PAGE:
Department of Ecology News Release - September 24, 2015

Port Gamble Bay cleanup begins Monday

PORT GAMBLE – Equipment is rolling in by land and water this week as workers prepare to remove decades-old contaminated sediments and other materials from Port Gamble Bay.

Contractor Orion Marine Group will launch a major cleanup project Monday by starting to pull old, creosote-treated pilings out of the water. Pope Resources is responsible for the cleanup under the Washington Department of Ecology’s oversight.

Cleanup work is scheduled to continue into early 2017. The project will remove about 6,000 pilings from water and land, and demolish piers, docks and other structures. About 70,000 cubic yards of wood waste and contaminated sediments will be either dug up and removed, or capped with clean material. Marine habitat impacted by the cleanup will be restored.

For more than 140 years, the now-defunct Pope & Talbot Inc. used the site to manufacture wood products. Pope Resources was created in 1985 when Pope & Talbot spun off its timberland and development properties in Washington. Pope Resources took ownership of the mill site and leased it to Pope & Talbot until the mill shut down in 1995.

Since then, the mill property has been used for sorting and chipping logs, and for handling materials. Historical activities at the site contaminated the mill site and in-water sediments with creosote, dioxin and wood waste.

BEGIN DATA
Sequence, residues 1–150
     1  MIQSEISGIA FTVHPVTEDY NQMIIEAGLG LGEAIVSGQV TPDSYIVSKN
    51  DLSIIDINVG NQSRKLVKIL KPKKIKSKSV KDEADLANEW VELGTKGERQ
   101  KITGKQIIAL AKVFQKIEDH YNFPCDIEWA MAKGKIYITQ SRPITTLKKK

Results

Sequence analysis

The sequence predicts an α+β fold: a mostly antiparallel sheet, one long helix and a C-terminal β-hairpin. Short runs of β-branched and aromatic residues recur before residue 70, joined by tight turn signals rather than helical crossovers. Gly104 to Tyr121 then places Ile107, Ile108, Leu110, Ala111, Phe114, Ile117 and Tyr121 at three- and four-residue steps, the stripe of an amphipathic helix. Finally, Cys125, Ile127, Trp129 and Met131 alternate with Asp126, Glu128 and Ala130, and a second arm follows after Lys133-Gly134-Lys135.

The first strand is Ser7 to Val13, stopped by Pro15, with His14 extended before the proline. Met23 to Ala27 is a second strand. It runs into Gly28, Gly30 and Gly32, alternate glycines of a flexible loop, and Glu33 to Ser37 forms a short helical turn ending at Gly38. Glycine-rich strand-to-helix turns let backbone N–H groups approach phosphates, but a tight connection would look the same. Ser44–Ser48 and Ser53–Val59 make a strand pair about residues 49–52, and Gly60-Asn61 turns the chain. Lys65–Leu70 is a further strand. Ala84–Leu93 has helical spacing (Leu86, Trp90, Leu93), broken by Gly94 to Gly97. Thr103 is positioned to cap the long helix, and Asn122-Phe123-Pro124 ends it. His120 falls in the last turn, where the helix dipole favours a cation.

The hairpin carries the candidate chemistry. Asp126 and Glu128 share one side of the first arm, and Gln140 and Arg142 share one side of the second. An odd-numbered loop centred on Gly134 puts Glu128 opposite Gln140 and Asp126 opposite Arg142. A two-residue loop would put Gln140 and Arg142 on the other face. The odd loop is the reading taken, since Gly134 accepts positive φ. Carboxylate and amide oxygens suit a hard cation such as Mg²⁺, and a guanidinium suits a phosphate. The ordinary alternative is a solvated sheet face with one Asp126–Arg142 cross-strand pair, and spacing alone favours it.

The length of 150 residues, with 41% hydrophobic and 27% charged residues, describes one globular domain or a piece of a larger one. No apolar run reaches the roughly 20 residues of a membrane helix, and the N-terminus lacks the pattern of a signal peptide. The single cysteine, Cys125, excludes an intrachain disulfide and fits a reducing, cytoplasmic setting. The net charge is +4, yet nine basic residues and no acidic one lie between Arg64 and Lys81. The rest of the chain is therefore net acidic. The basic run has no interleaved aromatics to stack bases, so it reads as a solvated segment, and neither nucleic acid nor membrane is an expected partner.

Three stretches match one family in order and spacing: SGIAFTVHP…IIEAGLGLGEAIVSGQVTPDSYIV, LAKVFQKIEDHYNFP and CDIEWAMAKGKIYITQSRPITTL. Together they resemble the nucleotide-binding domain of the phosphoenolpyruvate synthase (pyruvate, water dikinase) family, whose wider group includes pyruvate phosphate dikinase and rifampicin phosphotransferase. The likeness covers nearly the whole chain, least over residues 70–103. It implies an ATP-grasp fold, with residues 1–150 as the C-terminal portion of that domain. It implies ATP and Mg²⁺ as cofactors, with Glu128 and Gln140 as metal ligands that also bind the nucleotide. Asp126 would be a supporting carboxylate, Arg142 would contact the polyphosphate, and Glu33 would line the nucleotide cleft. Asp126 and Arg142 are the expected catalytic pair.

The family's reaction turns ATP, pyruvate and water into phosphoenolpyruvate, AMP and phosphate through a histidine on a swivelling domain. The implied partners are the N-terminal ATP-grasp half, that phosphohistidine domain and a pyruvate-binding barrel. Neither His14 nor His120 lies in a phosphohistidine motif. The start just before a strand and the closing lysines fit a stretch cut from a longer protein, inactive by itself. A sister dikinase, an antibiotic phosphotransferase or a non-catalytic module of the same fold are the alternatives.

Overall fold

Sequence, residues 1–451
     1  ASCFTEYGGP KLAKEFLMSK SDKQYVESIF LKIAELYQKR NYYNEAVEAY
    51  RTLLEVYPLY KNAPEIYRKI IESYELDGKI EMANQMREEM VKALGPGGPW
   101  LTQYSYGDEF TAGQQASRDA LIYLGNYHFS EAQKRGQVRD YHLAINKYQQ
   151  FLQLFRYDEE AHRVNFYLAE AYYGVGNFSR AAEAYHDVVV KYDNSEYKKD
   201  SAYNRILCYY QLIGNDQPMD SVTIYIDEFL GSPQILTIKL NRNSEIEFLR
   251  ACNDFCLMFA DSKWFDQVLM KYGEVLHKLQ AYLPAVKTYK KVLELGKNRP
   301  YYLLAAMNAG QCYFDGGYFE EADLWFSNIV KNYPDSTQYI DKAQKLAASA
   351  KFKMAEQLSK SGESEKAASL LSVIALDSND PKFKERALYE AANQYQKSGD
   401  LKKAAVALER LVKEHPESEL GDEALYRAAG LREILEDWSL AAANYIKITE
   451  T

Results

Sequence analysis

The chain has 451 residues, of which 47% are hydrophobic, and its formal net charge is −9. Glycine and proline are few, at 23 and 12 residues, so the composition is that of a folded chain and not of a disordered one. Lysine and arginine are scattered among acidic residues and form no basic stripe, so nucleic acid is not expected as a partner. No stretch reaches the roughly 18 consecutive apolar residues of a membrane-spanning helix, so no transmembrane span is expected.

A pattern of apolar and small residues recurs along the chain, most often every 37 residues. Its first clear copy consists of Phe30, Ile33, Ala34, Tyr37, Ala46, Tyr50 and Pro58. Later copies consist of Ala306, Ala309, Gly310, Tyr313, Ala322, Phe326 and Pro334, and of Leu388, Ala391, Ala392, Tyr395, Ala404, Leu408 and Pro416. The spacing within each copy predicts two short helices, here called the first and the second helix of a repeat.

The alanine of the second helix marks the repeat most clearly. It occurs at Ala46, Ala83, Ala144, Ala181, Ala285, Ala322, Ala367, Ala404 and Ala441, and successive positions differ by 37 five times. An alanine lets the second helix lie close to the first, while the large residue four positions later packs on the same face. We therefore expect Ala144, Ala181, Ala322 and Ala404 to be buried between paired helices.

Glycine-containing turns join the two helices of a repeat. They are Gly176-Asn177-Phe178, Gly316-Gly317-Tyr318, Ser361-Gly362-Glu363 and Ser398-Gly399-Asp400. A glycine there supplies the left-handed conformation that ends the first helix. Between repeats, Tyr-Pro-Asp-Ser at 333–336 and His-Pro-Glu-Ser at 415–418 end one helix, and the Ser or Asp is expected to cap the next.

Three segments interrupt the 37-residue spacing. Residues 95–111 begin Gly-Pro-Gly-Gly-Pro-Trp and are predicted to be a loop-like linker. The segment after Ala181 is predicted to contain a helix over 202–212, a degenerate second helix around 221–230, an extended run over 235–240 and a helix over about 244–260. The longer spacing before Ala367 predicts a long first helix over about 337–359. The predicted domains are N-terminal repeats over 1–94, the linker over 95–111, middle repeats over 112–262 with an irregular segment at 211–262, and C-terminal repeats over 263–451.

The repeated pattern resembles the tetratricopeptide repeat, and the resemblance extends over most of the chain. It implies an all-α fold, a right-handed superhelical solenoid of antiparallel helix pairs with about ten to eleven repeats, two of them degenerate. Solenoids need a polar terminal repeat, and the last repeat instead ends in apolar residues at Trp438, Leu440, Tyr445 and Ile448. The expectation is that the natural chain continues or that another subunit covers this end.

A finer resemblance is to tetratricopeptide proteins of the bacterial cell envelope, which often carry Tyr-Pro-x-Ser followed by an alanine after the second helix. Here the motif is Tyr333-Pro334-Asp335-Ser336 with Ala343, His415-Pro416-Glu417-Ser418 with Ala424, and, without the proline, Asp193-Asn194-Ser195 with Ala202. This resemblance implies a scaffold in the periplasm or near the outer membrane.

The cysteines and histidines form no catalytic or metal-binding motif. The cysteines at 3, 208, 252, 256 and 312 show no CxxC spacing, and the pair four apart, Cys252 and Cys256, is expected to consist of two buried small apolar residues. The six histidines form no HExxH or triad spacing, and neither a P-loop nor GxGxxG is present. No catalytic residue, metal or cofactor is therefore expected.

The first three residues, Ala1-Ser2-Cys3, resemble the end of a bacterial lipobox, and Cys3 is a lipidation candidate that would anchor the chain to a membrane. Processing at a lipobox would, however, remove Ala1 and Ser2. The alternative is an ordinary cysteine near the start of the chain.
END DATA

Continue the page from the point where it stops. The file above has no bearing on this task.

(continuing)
This week, the contractor is bringing in excavators, a barge and a crane. Office space, containment areas and security fencing are being set up.

Work will be done on weekends and at night. Weekend work is scheduled to begin Oct. 3 and 4 to take advantage of low tides. More barges are expected to arrive in late October. The community and tribes can get weekly updates and other information while the project continues.

Port Gamble Bay is one of seven priority bays identified for cleanup under the Puget Sound Initiative. That’s an effort by governments; tribes; business, agricultural and environmental communities; scientists and the public to restore and protect the Sound’s health. An Ecology team is working with Pope Resources, tribes, local governments, and others to clean up and restore Port Gamble Bay.


Seth Preston, communications, 360-407-6848, @ecologyWA